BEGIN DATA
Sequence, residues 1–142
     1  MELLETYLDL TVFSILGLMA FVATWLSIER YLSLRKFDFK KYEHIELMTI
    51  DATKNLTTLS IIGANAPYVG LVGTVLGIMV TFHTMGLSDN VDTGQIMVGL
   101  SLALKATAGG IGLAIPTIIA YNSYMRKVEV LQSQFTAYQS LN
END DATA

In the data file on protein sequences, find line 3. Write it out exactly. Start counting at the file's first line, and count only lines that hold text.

    51  DATKNLTTLS IIGANAPYVG LVGTVLGIMV TFHTMGLSDN VDTGQIMVGL